Bill Cunningham New York
Superbly touching documentary follows one man’s life in picture taking
Published: March 30, 2011
Bill Cunningham New York
Directed by Richard Press
Opens April 1 at the Charles Theater
You probably wouldn’t notice the older gentleman with the camera if he wasn’t the subject of this adorable documentary. He looks unassuming: Clad in nondescript slacks, a button-down shirt and sweater, a blue smock, and a flat cap, with an ordinary camera around his neck, he stands on a Manhattan street corner watching people, his back to the street. Occasionally the camera rushes to his face and he takes a quick shot. Occasionally he sees something he likes so much he takes a few shots—of a woman, say, as she approaches, passes, and continues on her way. Sometimes he hurries across a crosswalk to catch somebody as they cross the street. Sometimes he just walks right up to a group of women talking on the sidewalk and takes photos of their shoes. He’s not aggressive about it—in fact, he’s almost invisible, save for the camera that pops up to his face as he snaps something and then immediately smiles at the passersby. He just loves what people decide to wear when they leave their homes—and he’s been looking at what people wear for most of his 80-something years.
Bill Cunningham New York is one of those documentaries that’s pretty impossible not to like. It’s a portrait of somebody who has spent his entire life doing something he loves—and doing so, perhaps, at a great personal cost. You get the impression he doesn’t think so one bit, as Cunningham, as captured by Richard Press’ cameras, exudes an unflappable joie de vivre—this octogenarian still bikes around Manhattan—but there’s an undeniably bittersweet streak that runs through his story, which he has spent mostly unattached and living alone in an artist studio overstuffed with his photo archives and very, very, very little else.
If you read The New York Times, you already know Cunningham. Since the late 1970s, he has been documenting New York’s street fashions—from the era of denim dresses to baggy jeans, from fannypacks to men in skirts—in a column that for most of recent memory has appeared in the Sunday Style section as “On the Street,” typically a half-page of photos of people out and about. He also attends charity and socialite events for the Times’ “Evening Hours,” which offers a candid peek at Manhattan’s monied elite. What runs through both columns is Cunningham’s complete lack of condescension. He loves fashion and he’s not taking photos to make fun of people. The documentary contains footage from a 1980s interview with Cunningham in which he calls fashion the armor people put on to survive everyday existence.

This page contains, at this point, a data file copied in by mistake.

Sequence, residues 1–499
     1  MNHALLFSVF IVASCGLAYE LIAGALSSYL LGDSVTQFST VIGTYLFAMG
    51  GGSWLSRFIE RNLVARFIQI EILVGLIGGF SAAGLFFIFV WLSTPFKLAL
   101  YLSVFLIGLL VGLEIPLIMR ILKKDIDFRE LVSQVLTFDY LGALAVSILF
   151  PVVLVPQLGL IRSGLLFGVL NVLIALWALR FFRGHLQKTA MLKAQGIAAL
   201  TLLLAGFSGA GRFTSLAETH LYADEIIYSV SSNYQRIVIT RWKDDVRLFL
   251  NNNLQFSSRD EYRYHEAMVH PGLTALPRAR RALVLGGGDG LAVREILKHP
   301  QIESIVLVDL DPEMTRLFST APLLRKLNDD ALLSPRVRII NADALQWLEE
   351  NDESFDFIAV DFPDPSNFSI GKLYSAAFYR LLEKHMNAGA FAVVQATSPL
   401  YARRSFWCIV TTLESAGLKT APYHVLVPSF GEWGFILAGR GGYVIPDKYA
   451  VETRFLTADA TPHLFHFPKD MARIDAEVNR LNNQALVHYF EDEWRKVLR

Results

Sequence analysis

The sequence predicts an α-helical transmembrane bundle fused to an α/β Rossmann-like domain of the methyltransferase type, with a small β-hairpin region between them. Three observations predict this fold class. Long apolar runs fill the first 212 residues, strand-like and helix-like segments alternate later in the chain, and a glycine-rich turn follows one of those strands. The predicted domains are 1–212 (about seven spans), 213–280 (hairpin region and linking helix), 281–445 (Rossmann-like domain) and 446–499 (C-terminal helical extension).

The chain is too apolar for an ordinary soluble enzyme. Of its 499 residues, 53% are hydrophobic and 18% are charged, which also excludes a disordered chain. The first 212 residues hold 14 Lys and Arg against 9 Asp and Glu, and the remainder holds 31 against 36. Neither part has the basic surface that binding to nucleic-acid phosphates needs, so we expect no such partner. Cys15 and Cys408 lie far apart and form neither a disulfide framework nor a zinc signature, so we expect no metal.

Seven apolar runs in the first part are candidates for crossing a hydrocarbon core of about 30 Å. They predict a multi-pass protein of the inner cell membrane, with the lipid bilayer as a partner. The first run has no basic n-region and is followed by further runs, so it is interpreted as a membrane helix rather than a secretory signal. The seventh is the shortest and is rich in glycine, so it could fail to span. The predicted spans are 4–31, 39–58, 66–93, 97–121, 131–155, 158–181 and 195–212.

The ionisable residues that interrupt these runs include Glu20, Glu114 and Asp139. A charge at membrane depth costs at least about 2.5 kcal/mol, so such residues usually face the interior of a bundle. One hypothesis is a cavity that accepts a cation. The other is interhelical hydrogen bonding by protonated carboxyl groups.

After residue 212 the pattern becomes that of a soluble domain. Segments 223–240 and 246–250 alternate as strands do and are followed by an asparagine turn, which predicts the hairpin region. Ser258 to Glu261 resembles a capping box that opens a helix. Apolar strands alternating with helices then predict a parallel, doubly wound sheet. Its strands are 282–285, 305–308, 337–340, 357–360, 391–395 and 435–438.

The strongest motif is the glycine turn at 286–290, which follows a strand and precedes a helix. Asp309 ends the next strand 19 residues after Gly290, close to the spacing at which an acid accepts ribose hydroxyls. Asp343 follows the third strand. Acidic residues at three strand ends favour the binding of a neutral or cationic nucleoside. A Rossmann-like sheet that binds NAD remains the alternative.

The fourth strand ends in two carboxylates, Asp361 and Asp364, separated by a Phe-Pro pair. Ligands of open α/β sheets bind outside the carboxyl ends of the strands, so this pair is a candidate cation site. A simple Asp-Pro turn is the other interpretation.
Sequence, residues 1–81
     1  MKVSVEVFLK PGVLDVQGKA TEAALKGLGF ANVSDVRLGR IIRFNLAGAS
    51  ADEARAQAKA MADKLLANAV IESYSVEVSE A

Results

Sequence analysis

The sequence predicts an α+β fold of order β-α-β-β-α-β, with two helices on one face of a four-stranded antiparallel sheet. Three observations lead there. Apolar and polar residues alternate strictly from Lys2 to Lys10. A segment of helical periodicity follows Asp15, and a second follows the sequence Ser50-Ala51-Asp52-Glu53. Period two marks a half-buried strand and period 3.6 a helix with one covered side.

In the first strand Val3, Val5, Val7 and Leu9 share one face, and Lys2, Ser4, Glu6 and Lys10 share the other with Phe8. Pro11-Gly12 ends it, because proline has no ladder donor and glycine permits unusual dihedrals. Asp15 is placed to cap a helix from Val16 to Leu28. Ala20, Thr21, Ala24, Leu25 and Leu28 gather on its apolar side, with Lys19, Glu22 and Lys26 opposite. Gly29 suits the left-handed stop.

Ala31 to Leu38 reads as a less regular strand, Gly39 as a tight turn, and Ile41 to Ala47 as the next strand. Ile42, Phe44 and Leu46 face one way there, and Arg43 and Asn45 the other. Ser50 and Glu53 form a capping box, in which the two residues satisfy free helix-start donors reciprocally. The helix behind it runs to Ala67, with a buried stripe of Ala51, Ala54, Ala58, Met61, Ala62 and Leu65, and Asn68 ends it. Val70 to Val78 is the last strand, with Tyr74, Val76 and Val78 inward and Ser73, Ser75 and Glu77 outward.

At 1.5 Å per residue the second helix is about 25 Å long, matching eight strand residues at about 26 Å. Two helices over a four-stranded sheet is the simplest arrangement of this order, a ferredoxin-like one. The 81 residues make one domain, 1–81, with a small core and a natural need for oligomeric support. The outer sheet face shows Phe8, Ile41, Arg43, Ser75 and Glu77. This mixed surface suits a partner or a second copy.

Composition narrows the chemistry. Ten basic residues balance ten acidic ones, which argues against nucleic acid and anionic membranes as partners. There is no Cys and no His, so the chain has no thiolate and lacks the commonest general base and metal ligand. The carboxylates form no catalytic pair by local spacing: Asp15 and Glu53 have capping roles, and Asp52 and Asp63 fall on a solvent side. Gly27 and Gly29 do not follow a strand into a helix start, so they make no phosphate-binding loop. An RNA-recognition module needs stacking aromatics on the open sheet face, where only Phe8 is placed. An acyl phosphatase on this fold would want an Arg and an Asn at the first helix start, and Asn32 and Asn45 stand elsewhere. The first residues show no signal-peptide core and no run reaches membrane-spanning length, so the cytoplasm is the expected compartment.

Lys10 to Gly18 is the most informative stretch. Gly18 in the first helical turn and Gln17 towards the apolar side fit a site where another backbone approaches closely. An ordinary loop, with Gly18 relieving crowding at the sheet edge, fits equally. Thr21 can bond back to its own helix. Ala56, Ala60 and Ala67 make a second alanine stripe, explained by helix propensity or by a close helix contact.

It’s the sincere appreciation for human individuality, not aristocratic or celebrity glamour, that defines fashion for Cunningham, an egalitarian attitude that appears to influence every aspect of his life. When Press catches up with Cunningham, he’s one of two people still living in the rent-controlled studios above Carnegie Hall—the other is the irreplaceable maven/photographer Editta Sherman—with no kitchen and a bathroom down the hall. Cunningham’s studio is a maze of metal file cabinets containing his work and books; his closet is what appears to be a few shirts and things on hangers hooked over the file cabinets’ handles, and his bed is a one-person cot stacked on planks. He keeps his bike in a storage closet, and he appears to spend his every waking moment out in the streets, in the Times offices obsessively organizing his page—and excessively testing his art director’s patience (that he calls pretty much everybody at the Times “you kids” is hilariously cute)—and running around to events at night. If you’re half as spry as Cunningham is if you’re fortunate enough to make it to your 80s, more power to you.
Cunningham’s ephemeral vitality is what is so fascinating about his story. Although you’ll find out more about Cunningham’s personal story and chronology in an Oct. 27, 2002 Sunday Style piece he wrote about himself, what Bill Cunningham New York offers instead is a mash note to somebody all-in dedicating his life to something. Throughout, Press talks with a rotating cast of impressive names—Iris Apfel, Annette de la Renta, Tom Wolfe, Anna Piaggi, Shail Upadhya, Harold Koda, Patrick McDonald, and a downright doting Anna Wintour—who sincerely sing Cunningham’s praises. He so obviously wears his appreciation for how people dress themselves and what fashion can mean to everyday people that his enthusiasm is infectious. He worked for editor Annie Flanders and art director Lesley Vinson when Flanders started Details as the coolest magazine ever in March 1982—Press shows some of the layouts they did at the time in the movie, and they’re still kinetically alive—and Cunningham did it for free, to the extent of declining checks from Condé Nast after it bought the title. By the time Press gets to asking Cunningham about the toll his single-minded pursuits may have taken on him personally, the moment is heartbreaking, but it’s counterbalanced by scene after scene after scene of the photographer looking like he’s still having more fun than anybody else in the room. So yeah: By deciding to do what he’s done Bill Cunningham may have sacrificed a few of the more customary creature comforts, but he has lived doing something that appears the bring him nothing but absolute joy. We should all be so lucky.
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